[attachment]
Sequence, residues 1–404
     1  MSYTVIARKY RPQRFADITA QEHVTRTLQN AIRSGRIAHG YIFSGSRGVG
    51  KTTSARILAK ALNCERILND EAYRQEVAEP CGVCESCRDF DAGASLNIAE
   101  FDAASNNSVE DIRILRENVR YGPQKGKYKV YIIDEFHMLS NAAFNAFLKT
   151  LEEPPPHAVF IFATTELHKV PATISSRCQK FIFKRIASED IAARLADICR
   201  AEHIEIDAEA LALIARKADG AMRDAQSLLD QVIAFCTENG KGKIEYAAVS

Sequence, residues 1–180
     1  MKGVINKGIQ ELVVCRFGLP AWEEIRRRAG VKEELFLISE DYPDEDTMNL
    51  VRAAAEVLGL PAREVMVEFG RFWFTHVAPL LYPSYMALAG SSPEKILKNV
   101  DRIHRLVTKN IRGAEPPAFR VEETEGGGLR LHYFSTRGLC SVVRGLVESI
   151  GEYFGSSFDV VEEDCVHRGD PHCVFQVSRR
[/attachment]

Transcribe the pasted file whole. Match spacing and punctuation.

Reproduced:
Sequence, residues 1–404
     1  MSYTVIARKY RPQRFADITA QEHVTRTLQN AIRSGRIAHG YIFSGSRGVG
    51  KTTSARILAK ALNCERILND EAYRQEVAEP CGVCESCRDF DAGASLNIAE
   101  FDAASNNSVE DIRILRENVR YGPQKGKYKV YIIDEFHMLS NAAFNAFLKT
   151  LEEPPPHAVF IFATTELHKV PATISSRCQK FIFKRIASED IAARLADICR
   201  AEHIEIDAEA LALIARKADG AMRDAQSLLD QVIAFCTENG KGKIEYAAVS

Sequence, residues 1–180
     1  MKGVINKGIQ ELVVCRFGLP AWEEIRRRAG VKEELFLISE DYPDEDTMNL
    51  VRAAAEVLGL PAREVMVEFG RFWFTHVAPL LYPSYMALAG SSPEKILKNV
   101  DRIHRLVTKN IRGAEPPAFR VEETEGGGLR LHYFSTRGLC SVVRGLVESI
   151  GEYFGSSFDV VEEDCVHRGD PHCVFQVSRR